Wednesday, April 11, 2012
my father came home with a cancer diagnosis and a pocketful of morphine pills. It took him a few days to gain enough physical strength where he felt comfortable leaving the house and driving his car. Notice I said, he felt comfortable driving … me, not so much.
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I’m speaking of the man who taught me to drive when I was thirteen. He was a very good teacher and an excellent driver himself, but on morphine! I cringed when he’d say ‘let’s go for a ride.’ He was diagnosed with multiple myeloma which is a type of cancer that eats the bone making it look like a pin cushion or honeycomb. His cancer was in his spine and ribs which impaired his movement. Therefore bones were broken from damage from the cancer and his reactions were deterred, not to mention his mind from all the morphine prescribed.
How do you take the keys away from your father? How do you tell a stubborn, cantankerous eighty four year old dying man that he has no business driving a 6,000 lb lethal weapon? I thought long and hard while praying constantly for an answer that came to me while sleeping. The solution was to ask his physician about ‘driving’ at his next appointment.
I was prepared with a list of questions for the doctor with self assurance that he’d take my side on the driving issue and tell my daddy he shouldn’t operate a motor vehicle while taking morphine. What I wasn’t ready for what to hear the doctor reply ‘Cy is an intelligent man, when he feels he isn’t capable of driving he’ll put down the keys.’ My dad looked at me smugly as he took the key fob from me and got into the driver’s seat to go home.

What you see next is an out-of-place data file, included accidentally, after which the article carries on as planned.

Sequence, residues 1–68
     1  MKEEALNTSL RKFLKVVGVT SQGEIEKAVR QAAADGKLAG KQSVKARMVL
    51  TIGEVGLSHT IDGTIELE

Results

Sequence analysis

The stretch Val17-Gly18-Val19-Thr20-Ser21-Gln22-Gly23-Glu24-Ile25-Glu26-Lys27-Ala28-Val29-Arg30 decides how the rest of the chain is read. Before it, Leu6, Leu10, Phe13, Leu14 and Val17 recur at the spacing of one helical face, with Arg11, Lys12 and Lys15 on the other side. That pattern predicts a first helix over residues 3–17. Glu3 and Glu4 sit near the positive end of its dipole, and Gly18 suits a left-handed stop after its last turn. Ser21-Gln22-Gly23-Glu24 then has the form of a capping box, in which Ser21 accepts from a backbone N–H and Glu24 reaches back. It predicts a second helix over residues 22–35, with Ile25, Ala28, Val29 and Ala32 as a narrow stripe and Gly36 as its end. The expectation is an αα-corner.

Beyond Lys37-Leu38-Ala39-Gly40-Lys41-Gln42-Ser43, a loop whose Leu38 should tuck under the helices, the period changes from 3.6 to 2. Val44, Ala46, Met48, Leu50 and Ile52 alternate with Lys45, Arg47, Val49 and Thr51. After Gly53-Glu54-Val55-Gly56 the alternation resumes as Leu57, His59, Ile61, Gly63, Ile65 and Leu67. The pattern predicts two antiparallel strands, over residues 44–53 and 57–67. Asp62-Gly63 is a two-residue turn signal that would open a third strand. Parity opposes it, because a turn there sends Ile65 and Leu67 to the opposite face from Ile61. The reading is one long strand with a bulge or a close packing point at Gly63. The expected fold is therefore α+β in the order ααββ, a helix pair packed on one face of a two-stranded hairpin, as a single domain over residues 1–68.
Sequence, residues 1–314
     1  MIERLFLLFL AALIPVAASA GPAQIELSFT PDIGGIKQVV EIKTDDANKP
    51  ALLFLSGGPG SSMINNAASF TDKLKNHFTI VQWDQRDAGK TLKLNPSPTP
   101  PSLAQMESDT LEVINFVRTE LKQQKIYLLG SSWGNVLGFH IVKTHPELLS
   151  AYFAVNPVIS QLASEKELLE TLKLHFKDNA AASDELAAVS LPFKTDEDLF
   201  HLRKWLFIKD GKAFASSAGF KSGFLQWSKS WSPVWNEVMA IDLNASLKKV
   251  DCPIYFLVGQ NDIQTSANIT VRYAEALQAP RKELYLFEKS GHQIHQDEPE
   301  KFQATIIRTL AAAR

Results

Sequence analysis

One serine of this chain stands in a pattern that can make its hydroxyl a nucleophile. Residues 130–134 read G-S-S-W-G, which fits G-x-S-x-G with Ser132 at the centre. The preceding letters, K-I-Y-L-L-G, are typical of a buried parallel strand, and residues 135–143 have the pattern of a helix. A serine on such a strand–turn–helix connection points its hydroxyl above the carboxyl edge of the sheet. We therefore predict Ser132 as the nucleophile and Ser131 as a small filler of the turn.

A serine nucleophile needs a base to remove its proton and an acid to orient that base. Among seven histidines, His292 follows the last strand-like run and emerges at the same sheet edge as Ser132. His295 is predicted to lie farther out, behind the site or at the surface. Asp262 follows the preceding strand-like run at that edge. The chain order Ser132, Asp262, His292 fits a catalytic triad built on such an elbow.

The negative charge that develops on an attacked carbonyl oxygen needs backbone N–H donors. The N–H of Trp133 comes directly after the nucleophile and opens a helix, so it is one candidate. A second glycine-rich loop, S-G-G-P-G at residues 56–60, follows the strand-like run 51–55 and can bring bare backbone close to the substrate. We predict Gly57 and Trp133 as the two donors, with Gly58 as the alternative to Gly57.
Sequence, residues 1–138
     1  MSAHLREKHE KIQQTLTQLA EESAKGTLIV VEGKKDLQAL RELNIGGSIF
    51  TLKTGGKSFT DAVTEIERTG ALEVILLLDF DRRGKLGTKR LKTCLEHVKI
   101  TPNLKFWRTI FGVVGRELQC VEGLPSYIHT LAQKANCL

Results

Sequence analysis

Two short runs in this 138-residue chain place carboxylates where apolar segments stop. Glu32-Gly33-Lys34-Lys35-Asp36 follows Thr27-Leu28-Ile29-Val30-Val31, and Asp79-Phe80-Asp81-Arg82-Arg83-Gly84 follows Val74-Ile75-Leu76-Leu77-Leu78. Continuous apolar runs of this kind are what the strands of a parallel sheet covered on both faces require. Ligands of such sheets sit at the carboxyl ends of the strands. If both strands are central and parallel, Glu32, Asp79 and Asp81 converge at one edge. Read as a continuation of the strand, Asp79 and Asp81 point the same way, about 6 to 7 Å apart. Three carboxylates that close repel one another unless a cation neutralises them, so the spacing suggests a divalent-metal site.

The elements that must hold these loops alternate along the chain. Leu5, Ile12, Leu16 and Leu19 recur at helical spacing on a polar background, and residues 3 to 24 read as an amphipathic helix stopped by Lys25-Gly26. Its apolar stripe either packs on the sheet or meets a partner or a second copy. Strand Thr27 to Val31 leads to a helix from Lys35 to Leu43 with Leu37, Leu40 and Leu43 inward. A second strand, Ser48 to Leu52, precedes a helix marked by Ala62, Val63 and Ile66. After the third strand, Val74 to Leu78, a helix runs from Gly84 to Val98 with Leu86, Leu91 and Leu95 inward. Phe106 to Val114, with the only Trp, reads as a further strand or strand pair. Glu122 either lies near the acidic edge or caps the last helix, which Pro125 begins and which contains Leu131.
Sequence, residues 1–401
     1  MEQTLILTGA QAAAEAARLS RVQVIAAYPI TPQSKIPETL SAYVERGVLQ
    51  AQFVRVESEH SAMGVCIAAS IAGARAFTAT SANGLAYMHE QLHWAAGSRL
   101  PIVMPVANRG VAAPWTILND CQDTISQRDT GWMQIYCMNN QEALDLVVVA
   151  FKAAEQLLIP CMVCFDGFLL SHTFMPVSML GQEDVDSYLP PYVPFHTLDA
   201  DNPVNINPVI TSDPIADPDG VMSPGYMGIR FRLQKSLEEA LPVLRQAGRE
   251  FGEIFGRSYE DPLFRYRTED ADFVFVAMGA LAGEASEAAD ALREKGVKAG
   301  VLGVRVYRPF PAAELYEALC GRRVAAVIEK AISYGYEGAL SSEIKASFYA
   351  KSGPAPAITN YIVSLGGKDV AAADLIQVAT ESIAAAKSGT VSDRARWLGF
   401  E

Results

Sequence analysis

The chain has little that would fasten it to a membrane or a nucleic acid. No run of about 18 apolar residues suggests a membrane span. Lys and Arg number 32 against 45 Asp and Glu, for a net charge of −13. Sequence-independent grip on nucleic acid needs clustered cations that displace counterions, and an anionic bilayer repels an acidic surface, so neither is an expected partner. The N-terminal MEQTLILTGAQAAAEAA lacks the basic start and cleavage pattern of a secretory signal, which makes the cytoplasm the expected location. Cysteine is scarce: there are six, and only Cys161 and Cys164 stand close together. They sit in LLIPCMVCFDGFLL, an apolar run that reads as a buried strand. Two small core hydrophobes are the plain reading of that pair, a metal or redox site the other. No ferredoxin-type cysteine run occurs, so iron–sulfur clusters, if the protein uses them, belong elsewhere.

I said some not so nice words under my breath about the doctor who I felt was arrogant (we’d had other disagreements) and WRONG. I was terrified for my father to drive, not only for him but for the lives of others. So sure that the doctor would back me up, I didn’t know what to do. Of course the cantankerous old guy started leaving the house driving more often just to spite me.
I wrote him a letter. Many times in the past I expressed to him in writing what I couldn’t say verbally. After dinner I handed him the letter while we sat on his patio. I watched him read it over and over. He wiped tears from his eyes as he folded it in halves, fourths and tucked it in his robe pocket. My father didn’t speak a word that evening before he retreated to his bed.
But the next morning when he was ready to make his driving rounds, he looked at me and said ‘why don’t you take the wheel.’
1 Timothy 2:8 therefore I want the men everywhere to pray, lifting up holy hands without anger or disputing. (NIV)
Even in my passion about my father not driving I didn’t argue with him. I explained my reasoning to him making sure not to be disrespectful. God answered my prayer.